Can You Bank On Me? BBC1
Rich Man, Poor Man: A Knight's Tale, BBC4

Former City workers exercise their skills in this strange mixture of 'Wife Swap' and 'The Apprentice'

Had the public selected a punishment for the City boys and girls who many hold responsible for the present recession, they would surely have dreamt up something more unpleasant than milking cows.

But the documentary Can You Bank on Me?, which challenged two former financiers to get their hands dirty at crunch-stricken businesses and engineer survival strategies, wasn't ultimately about retribution and redemption.

Arch-Sloane Griselda, a former hedge fund manager, was tasked with reversing the fortunes of Blackpool institution Queens Hotel. Meanwhile, Amit, a cocky ex-investment analyst, was off to a struggling dairy farm. Set up thus, I was looking forward to a slice of Schadenfreude as they made a hash of things in the world beyond the Square Mile.

What followed was a curious zygote of Wife Swap and The Apprentice. The bankers actually managed rather well. Griselda fixed a smile and scrubbed toilets; Amit mastered cheesecake-making, and both produced plausible business plans.

Thankfully it wasn't a neat sinner-to-saint trajectory. Struggling with their new colleagues' questions, there was no avoiding the absurdity of the wealth gap. Griselda, who once raked in £70,000 a year, had her diplomacy skills tested when Lisa, a waitress on £600 a month, asked if she thought finance was harder than waiting tables.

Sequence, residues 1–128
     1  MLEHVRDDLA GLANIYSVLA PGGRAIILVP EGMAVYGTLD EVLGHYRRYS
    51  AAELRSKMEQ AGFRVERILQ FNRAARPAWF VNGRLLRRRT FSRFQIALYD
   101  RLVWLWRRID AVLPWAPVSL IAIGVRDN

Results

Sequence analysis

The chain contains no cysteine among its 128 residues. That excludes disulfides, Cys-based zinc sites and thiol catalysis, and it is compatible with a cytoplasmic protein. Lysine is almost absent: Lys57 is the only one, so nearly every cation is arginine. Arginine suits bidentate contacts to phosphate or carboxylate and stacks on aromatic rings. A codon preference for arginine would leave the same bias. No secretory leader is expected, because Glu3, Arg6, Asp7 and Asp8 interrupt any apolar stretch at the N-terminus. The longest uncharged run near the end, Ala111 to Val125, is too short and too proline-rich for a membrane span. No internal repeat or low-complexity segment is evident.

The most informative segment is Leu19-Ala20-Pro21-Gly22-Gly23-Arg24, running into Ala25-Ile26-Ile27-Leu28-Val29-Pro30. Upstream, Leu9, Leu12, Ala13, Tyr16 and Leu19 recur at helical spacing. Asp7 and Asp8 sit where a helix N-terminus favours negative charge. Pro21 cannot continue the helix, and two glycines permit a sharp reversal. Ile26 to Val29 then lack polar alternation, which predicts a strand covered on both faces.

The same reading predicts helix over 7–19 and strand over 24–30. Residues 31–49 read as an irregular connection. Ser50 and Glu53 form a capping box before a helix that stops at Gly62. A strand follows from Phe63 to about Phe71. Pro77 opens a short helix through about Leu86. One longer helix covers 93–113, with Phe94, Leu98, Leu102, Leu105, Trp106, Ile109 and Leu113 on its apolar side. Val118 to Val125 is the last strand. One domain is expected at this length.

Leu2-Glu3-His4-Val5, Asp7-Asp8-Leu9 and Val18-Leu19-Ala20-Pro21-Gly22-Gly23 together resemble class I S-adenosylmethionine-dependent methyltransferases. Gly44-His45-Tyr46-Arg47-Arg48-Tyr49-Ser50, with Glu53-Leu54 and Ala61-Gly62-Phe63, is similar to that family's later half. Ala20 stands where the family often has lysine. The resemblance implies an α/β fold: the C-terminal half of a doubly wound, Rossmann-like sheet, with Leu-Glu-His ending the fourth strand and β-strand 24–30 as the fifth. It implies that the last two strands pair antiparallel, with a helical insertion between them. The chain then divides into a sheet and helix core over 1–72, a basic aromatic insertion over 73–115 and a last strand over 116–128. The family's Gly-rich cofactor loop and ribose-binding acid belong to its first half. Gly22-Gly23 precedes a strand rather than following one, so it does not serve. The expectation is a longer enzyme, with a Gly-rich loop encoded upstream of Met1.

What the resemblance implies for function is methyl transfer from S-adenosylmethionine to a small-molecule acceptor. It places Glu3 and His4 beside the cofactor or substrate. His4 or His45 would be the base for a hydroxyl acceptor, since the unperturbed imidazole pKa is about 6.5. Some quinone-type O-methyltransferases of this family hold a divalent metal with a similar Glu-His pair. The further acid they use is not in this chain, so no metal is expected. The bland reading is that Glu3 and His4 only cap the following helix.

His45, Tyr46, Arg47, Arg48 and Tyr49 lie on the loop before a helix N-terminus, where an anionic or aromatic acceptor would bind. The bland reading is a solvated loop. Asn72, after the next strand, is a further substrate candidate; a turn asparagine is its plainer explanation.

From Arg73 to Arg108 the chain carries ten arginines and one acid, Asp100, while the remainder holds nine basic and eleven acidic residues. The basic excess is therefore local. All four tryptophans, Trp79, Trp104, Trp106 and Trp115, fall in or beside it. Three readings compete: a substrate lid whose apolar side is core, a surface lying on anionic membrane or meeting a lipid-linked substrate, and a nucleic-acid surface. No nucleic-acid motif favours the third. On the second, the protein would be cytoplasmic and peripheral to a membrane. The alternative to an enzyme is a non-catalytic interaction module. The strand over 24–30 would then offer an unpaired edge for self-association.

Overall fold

Later, it was Griselda's turn, berating Lisa's reliance on credit cards. "You have to take responsibility," she barked. There was a grain of truth there, albeit couched in hypocrisy. But it summed up what the programme demonstrated well – how two lives can seem so distinct and yet be utterly intertwined.

Money was also the focus of Rich Man, Poor Man: A Knight's Tale, for which Ian Denyer spent three years filming self-made millionaire and philanthropist Sir John Madejski. The first in a series about "wealthy people seeking a deeper understanding of themselves", it was a frustrating watch.

Madejski grew up not knowing who his biological father was, casting a shadow over much of his life. In the past three years he has successfully identified him through DNA, but that was about all we were told.

Ignoring this not uncommon but compelling human story, Denyer seemed obsessed by the trappings of Madejski's success. But even the gawping potential was thin – his best celeb friend is Cilla Black, not Angelina Jolie.

The cliché-sodden commentary desperately tried to link Madejski's money and his unhappiness, but Madejski's uncertain parentage would have been a source of angst had he been poor. Money hadn't erased it, but nor had it caused it.

Denyer concluded that losing some of his money in the recession might be "the best thing that happened to John Madejski". I doubt his subject would agree, but if it did come to that, perhaps the director could remake this film with less Cilla and swimming pools, and more emotional curiosity.

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